Over 50 people from Bedwyn and beyond heard from local farmers about nature friendly farming at our recent event.
Great Green Bedwyn was delighted to welcome four excellent speakers from Southern Streams, our cluster of 30 local farms, and over 50 members of the public (including 12 from outside the Bedwyns) to our recent event on Regenerative Agriculture (RA).
The Exciting news is that farming is already becoming more regenerative around Great Bedwyn.
Huge changes in farming practices have happened during living memory. In the last century we ceased to grow much food in our gardens. In the last year, the invasion of Ukraine led to shortages of sunflower oil, grain and fertiliser, with fertiliser prices rising to £1000/ton. The next challenge is climate change which will bring hotter summers, droughts and windier, wetter winters.
There are five principles of regenerative farming:
Maximise crop diversity. Planting companion crops (such as buckwheat with oilseed rape or peas with barley) minimises nitrate leaching and protects the soil over the winter. Some farmers are even combining fruit trees with grazing and cropping.
Keep soil covered. Hedges, a 6m buffer area of tussocky grass either side of watercourses and ditches beside hedges with a 4-6m grass buffer on arable fields all help protect watercourses from run-off. Planting of cover crops reduces runoff, minimises nitrate leaching and protects the soil over the winter. The cover crops can then be grazed by animals that help fertilise the soil.
Maintain living roots in the soil for soil health and to store carbon. Roots nourish soil bacteria and other organisms that depend on root exudates. This provides a better ecosystem for fungi and other organisms which creates richer soils and healthier crops with less artificial fertilisers.
Minimise soil disturbance. Reducing or eliminating ploughing with direct drilling preserves soil structure. So far, five of 28 Southern Streams members have started direct drilling.
Integrate livestock to provide manure and reduce reliance on artificial fertilisers. This means livestock integration into the crop rotation, using mob gazing to maximise the recovery period.
The diagram below shows how regenerative farming can support nature, reduce greenhouse gas emissions and flooding and improve returns for food producers.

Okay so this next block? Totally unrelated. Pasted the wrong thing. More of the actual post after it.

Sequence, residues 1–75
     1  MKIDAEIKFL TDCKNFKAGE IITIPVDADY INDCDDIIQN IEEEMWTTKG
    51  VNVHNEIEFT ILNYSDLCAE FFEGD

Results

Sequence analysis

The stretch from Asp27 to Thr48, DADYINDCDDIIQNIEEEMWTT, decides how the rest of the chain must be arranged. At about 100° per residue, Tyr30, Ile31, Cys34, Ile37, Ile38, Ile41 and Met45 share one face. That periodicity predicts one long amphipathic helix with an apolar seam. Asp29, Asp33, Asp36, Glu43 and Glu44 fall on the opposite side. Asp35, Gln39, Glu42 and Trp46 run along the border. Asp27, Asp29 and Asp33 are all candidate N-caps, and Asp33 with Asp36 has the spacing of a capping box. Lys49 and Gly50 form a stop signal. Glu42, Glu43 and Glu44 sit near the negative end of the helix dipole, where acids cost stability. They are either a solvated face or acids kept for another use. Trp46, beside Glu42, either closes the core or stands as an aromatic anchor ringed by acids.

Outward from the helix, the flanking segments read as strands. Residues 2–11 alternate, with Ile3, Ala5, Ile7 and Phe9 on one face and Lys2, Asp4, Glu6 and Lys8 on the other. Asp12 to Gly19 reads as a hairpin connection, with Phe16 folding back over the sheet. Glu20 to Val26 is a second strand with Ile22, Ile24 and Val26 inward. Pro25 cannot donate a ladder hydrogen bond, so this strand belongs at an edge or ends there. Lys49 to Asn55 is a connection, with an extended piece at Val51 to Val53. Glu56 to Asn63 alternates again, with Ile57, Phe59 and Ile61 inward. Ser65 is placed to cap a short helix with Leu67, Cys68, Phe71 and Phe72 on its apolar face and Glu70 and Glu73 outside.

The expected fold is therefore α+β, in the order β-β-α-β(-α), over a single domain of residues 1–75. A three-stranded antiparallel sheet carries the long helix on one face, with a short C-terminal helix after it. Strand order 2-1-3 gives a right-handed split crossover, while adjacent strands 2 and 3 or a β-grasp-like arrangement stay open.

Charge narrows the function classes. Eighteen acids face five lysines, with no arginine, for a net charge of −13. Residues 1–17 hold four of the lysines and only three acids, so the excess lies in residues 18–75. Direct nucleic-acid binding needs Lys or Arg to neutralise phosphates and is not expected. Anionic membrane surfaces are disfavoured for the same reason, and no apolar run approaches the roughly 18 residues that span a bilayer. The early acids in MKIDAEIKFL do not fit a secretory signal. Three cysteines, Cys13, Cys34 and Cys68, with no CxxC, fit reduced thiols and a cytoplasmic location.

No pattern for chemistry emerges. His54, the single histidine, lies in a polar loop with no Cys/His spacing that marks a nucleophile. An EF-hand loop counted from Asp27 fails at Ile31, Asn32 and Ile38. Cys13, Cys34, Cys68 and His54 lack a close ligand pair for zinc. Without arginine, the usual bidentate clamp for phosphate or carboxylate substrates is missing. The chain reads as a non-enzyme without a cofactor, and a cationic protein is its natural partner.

Local regenerative farming
Richard Charles (Hillbarn Estates), Jim Hynes (AGRII), Duncan Lee, farm manager for Ramsbury estates and Tim Clarke from FWAG South East described the regenerative activities happening in Southern Streams farms.
Local farmers are sowing wild bird mixture strips along field margins and on poor soil, leaving hedges for wildlife and making plots for pollinating insects , while using the better parts of the fields for crops. Permanent pasture is mown annually so it gradually becomes a wildflower filled meadow over time. Well-managed broad-leaved woodland (eg. the Brails) captures about six tons of carbon per hectare per year, while arable land is carbon neutral or even negative.
Changes are slow and can take 10-15 years to happen. Although the yields from regenerative and organic farming can be lower, the economic margin can be higher because of reduced input costs for eg. fertiliser and diesel.
We have enough annual rainfall in Wiltshire but in future may need to store more water to ensure adequate supplies throughout the year. We will also need to grow more heat-and drought-tolerant food plants, but work is being done to develop these.
While recognising the potential conflict between food security and environmental protection, more intensive use of good quality land alongside using low grade land to improve biodiversity should maintain profit margins while at the same time increasing support for biodiversity.
Many thanks to everyone who supported this event. We plan to arrange some farm
visits before harvest time and another talk by Southern Streams members later in the year.